The coronavirus crisis continues to slam the U.S. Major cities like Los Angeles, New York, Boston, and San Francisco have become virtual ghost towns with people staying indoors except when they have to deal with essential errands. Restaurants and malls have shuttered. Now is a very difficult time to be in the food business, and two areas being hit especially hard are food halls and food trucks. With retail closings, there is no guaranteed foot traffic unless takeout is an option. With people off the streets, there seems to be little reason for food trucks to go to familiar lunch time spots.
Los Angeles-based Pasta Sisters is an Italian restaurant and shop with its own food truck operation. Initially, when the crisis was just starting, business was not bad, but then food truck organizers in L.A. stopped working. Giorgia Sinatra, brand manager for Pasta Sisters, notes the shutdown likely had to do with many offices closing, which led to dates for the rest of the month being canceled.
“Upon cancelling, the organizer let us know that we can just go ahead and pick a spot in town and park there, which is typically not the case as we have to reserve our food truck spots in advance,” Sinatra says. The lure of going to popular food spots normally hard to book was enticing, but the owners of Pasta Sisters already had their hands full “trying to put the pieces together day by day at our two restaurant locations on Pico Blvd and in Culver City. For this reason, we stopped operating our food truck. It’s one less thing for us to think about right now.” Pasta Sisters is still open for pick-up and delivery.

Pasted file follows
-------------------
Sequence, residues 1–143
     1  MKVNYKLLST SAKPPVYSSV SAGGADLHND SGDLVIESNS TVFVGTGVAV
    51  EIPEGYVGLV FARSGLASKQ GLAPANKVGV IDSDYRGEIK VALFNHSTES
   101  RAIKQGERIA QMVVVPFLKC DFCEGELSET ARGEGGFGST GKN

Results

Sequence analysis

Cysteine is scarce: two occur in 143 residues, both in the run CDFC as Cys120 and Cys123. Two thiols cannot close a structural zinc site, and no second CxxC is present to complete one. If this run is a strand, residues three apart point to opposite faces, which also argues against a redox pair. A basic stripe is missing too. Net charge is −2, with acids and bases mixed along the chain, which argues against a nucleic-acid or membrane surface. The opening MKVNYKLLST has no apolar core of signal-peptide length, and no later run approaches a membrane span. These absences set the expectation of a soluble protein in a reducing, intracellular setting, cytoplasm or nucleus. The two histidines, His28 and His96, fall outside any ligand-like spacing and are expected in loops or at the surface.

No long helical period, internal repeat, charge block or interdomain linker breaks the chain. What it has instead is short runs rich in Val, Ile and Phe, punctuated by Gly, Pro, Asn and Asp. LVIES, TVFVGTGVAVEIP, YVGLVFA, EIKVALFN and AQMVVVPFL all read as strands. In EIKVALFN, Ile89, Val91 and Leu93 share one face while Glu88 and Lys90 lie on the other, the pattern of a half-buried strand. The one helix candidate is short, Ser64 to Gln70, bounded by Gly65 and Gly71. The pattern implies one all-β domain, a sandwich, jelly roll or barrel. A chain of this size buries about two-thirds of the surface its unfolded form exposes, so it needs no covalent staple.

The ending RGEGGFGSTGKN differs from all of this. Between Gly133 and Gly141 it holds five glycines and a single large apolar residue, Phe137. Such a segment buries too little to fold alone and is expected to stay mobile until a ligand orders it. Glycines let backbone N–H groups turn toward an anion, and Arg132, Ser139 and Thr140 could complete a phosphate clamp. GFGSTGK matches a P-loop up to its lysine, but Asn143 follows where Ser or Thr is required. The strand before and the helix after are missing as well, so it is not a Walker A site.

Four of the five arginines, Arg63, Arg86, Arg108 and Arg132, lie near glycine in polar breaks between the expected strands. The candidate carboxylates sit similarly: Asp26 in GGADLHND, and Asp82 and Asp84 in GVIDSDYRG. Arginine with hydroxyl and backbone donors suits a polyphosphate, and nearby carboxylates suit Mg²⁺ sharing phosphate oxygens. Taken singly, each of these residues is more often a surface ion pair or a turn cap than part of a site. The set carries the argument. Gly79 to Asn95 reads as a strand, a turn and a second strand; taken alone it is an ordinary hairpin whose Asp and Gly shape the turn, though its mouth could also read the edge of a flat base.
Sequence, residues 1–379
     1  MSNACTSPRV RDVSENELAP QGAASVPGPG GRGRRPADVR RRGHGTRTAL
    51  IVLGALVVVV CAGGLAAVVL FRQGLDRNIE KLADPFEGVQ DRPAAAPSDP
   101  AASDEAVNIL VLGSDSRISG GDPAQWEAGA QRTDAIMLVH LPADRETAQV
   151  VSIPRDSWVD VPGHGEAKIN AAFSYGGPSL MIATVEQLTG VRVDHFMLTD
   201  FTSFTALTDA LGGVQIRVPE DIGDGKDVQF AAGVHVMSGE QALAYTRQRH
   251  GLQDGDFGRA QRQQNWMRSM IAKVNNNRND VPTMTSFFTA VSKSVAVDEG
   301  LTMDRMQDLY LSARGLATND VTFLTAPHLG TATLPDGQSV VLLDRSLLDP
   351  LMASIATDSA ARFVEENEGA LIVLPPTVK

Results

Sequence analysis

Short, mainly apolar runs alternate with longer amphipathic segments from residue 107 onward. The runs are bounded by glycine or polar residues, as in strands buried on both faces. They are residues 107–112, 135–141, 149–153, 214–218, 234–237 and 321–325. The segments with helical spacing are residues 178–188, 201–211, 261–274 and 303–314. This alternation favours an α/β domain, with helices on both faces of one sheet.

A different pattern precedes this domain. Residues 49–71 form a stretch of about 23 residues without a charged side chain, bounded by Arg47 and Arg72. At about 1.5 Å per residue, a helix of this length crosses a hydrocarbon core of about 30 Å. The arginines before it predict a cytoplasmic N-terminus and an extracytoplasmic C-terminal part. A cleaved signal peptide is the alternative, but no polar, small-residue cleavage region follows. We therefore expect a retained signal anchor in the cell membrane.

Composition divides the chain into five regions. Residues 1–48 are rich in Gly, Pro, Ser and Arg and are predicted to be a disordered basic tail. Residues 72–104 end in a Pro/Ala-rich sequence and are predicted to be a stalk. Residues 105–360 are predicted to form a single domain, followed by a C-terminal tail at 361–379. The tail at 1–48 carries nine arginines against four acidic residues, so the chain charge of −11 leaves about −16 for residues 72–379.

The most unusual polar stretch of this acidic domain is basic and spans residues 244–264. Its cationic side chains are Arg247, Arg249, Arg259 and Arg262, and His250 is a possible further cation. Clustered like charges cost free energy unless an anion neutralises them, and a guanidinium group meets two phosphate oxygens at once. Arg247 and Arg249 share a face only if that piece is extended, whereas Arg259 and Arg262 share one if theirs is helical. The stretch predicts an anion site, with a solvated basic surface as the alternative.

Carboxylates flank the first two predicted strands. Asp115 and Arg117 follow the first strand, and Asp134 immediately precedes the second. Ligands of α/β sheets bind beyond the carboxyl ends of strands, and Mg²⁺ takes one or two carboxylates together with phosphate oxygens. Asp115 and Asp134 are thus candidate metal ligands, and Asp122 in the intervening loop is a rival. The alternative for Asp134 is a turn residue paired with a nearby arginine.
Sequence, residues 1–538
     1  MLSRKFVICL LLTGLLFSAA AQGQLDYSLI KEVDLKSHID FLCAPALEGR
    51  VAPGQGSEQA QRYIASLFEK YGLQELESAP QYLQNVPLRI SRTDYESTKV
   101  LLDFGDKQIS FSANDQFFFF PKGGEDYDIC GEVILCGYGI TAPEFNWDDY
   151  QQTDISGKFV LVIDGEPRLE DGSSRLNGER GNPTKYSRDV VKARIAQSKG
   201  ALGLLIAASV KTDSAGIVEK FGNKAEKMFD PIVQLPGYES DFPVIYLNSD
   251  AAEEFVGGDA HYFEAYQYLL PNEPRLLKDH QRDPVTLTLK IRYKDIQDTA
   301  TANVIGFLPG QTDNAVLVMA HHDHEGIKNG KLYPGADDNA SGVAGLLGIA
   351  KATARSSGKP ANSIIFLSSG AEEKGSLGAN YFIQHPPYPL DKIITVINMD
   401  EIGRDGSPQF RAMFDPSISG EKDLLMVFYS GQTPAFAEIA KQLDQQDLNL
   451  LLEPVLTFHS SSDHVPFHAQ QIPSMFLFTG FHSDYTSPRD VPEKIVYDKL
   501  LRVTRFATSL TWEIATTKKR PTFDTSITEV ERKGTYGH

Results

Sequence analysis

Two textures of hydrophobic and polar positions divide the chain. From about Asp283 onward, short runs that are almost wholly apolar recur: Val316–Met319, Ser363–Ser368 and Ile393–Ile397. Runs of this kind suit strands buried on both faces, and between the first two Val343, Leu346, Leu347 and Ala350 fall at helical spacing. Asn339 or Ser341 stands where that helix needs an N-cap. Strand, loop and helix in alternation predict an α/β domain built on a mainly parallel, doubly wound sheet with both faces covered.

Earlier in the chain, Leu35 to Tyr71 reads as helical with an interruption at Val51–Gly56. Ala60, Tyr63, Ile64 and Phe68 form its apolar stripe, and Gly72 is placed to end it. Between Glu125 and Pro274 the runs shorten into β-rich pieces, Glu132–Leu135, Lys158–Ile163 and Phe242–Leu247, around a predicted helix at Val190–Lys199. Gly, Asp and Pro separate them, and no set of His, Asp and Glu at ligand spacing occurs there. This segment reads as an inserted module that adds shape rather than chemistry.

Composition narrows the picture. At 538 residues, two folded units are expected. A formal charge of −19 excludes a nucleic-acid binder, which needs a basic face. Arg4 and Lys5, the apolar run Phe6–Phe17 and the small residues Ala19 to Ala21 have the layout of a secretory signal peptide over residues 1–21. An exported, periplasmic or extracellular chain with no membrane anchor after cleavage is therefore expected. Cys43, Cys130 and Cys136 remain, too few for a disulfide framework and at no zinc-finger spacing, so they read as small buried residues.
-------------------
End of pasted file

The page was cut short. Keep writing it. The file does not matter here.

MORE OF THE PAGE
As Sinatra says, food trucks require a lot of preparation, including washing the truck, food preparation, labor costs, shifts. And then, cleaning and washing the truck again. “Behind a 4-hour shift alone, there is almost a full day of preparation that takes place,” Sinatra says. “With not many people in the street and staying home right now, it isn’t worth it for us to be out there serving food on our truck right now.”
David Botbol, head of business development for the New York Food Truck Association (NYFTA) says the organization and its 30 vendor members (who are all Graded A by the Department of Health) remain fluid with the situation. With customers working at home, the large lunch crowds drawn to certain hot spots are absent. Another loss of revenue comes from the cancelation or postponement of concerts and private events.